Christie, who was named Miner of the Year at the KPMA's annual barbecue last month in recognition of her service to the industry, said she is pleased to step into the role of Executive Director. "Not only will this allow me to focus more of my attention on resolving the uncertainty our industry faces as a result of the elimination of the YPA, it will also increase the KPMA's overall bench strength. Mike brings experience, a good mind for policy and strategic issues, and a strong voice to the president's post. We work well together and both of us will be able to do our jobs more effectively by backing each other up."
Christie will remain the KPMA's representative on the Implementation Steering Committee (ISC), struck by Fisheries Minister Thibault to define a new regulatory regime to replace the YPA. The committee includes industry, the Yukon Territorial Government, the Council of Yukon First Nations, and DFO. Minister Thibault has set a deadline of April, 2004 for the ISC to submit an implementation plan, a deadline that Christie says the committee will be challenged to meet at its current rate of progress. After his initial announcement of stringent new regulations last December and the outcry in the Yukon that greeted them, the Minister promised flexibility in defining and
implementing a new regime. He insists that the YPA will be gone by 2007 but has agreed that miners can operate under it at least through 2004. Meanwhile, the ISC is expected to come up with a new regime that will protect fisheries and preserve a viable mining industry.
Both Christie and McDougall reminded KPMA members that the task of defining a regime that will be acceptable to DFO and the industry is a daunting one. "The struggle to get this far has been expensive for the KPMA. We have to build a persuasive case for our industry at the ISC table," said McDougall. "Every miner in the Territory needs to throw their support behind this effort."
The Association received a boost last week with the release of a study conducted by the Canadian Federation of Independent Business (CFIB) that showed fully 96 per cent of Yukon small businesses oppose DFO's elimination of the YPA. Eighty-eight per cent of those surveyed believe the decision will have a negative impact on their businesses and 98 per cent believe it will negatively affect the Yukon's economy. Nearly a third indicated that 25 per cent or more of their business is directly linked to the placer mining industry.
As well, the Yukon Chamber of Commerce has put forward a motion for debate at the Canadian Chamber of Commerce AGM in mid-September, calling for the federal government to direct the Auditor General's Office to conduct a Performance Audit of DFO that addresses the agency's accountability and compliance with its mandate and service commitments. The KPMA is urging industry and resource associations to contact their local Chambers to ask them to support the motion.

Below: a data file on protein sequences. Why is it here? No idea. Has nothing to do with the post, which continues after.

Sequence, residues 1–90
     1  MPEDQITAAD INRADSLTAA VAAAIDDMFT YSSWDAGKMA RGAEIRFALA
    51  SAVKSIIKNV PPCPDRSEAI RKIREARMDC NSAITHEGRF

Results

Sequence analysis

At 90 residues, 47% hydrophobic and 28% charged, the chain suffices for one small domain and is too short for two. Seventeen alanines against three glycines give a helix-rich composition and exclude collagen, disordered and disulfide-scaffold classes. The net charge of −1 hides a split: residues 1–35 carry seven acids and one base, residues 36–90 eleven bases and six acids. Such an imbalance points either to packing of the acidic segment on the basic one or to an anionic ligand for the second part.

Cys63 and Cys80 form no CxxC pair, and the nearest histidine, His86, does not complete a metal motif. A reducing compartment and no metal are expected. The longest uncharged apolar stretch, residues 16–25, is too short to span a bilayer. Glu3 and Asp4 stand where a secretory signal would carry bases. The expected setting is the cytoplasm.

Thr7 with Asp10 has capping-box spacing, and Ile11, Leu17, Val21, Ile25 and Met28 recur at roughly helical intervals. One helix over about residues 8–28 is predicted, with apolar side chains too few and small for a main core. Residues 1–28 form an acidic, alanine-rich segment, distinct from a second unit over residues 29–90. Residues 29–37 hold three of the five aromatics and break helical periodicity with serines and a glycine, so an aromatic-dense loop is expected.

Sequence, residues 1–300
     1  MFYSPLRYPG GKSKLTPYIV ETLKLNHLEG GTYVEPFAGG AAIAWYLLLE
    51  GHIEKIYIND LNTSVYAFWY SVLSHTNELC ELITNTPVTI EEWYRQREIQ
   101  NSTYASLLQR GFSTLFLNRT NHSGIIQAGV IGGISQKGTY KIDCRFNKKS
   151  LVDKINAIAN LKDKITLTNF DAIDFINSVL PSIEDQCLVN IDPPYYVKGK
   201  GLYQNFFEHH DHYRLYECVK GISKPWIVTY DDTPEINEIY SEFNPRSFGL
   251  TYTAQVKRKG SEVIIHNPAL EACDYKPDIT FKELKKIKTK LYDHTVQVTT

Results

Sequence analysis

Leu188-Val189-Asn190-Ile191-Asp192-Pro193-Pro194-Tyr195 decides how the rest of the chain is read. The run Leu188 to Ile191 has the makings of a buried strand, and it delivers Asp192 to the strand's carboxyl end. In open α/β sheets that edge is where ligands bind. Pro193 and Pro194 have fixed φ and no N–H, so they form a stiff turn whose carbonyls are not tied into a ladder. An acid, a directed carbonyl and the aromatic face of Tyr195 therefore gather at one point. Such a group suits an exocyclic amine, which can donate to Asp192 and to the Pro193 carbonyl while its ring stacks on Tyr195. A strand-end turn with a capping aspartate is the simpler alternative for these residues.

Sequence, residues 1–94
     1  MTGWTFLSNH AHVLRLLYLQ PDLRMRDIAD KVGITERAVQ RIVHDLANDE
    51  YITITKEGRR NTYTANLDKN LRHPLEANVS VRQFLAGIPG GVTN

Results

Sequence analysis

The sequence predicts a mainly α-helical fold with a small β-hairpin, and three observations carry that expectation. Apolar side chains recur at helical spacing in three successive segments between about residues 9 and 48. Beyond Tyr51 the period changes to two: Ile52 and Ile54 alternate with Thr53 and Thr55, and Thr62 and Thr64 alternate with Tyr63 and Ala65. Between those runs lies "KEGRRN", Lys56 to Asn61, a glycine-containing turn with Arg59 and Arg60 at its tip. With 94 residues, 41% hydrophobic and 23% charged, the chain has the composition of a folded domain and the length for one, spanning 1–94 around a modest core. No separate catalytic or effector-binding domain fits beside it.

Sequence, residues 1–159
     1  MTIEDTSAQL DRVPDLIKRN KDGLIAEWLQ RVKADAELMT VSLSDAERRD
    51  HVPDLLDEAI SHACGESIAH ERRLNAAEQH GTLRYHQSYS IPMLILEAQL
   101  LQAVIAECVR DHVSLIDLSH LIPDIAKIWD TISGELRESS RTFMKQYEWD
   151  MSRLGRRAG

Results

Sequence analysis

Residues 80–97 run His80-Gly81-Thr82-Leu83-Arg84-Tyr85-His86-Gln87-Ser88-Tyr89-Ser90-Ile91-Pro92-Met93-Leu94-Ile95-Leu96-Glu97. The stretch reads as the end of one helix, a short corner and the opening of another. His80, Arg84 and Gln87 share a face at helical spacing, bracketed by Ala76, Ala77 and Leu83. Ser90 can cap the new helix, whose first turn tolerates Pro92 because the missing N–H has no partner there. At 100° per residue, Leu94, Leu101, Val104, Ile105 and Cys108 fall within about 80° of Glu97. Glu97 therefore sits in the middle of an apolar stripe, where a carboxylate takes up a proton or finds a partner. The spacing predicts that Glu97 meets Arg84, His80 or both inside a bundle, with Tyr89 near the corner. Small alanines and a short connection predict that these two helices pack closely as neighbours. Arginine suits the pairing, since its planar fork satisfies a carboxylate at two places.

With Christie in the Executive Director's chair and McDougall at the helm as president, the KPMA is also supported by a new slate of Directors. They are: Joel White (Vice-President), Martin Knutson, Jayce Murtagh and Wendy Fellers. Directors with a remaining year in their term are: Lisa Favron (Secretary/ Treasurer), Dave McBurney, Al Rudis and Frank Hawker.
"We've got a great team going forward," McDougall said, "We feel invigorated and ready to redouble our commitment and efforts to restore certainty to our industry. We're calling for the support of every miner in the Yukon and everyone who wants to see the responsible management of this Territory's environmental and economic resources. If you want to know what you can do to help, contact Tara, myself, or any director on the KPMA board."
by Glenda Bolt
Mrs. Dragomen and the grade 3 class of Robert Service School made a visit to Dänojà Zho Cultural Centre as part of their Aboriginal Peoples studies. The class was split into four hunting parties and sent into the Hammerstone Gallery to discover the secret life of tools and objects made from natural materials collected on the land. The visit concluded with each student helping to build a brush shelter out on the lawn and a chance to wrap up (and run around) in the caribou skin rugs.
by Anne Saunders
A warm welcome goes to our latest Berton-House-Writer-in-residence, Mark Zuehlke. Mark will be having a reading on September 23, 7:30 pm at the Library. Mark is the author of a number of history books and mystery novels, as well as The Yukon Fact Book.
by Sylvie Gammie
The 7th Annual Dawson City Klondike Classic Open Horse show was recently hosted by the Klondike Horseman's Association and the Bits n' Bridles Horse 4-H Club. The show was held on August 23 & 24, at the brand new Top of the World Equestrian Center in Sunnydale, just across from the golf course. Horses and riders came from all over the Yukon to participate in this year's event.
The weather mostly co-operated on both days once again, and the rain held off until the end of the show. We were very pleased to have Marion Szepat-Tait, of Abbotsford, B.C., as our judge for the weekend. Marion was also able to spend a few extra days in Dawson City, teaching lessons to some of the weekend's riders, and enjoying some of the sites and activities.
Riders of all ages and skill levels competed in several different disciplines during the two-day event. Saturday morning began with Dressage and English flat classes, and continued into the afternoon with several jumping classes, ranging from the Walk Trot Equitation Over Poles, for beginner riders, to the Open Hunter Class, with jumps not exceeding 3 feet in height. Lots of spectators came out for the Musical Freestyle Extravaganza on Saturday evening. In this most entertaining competition, riders choreograph their own riding routine, complete with appropriate costumes and props, and set it to their favorite music. Definitely a highlight of the weekend!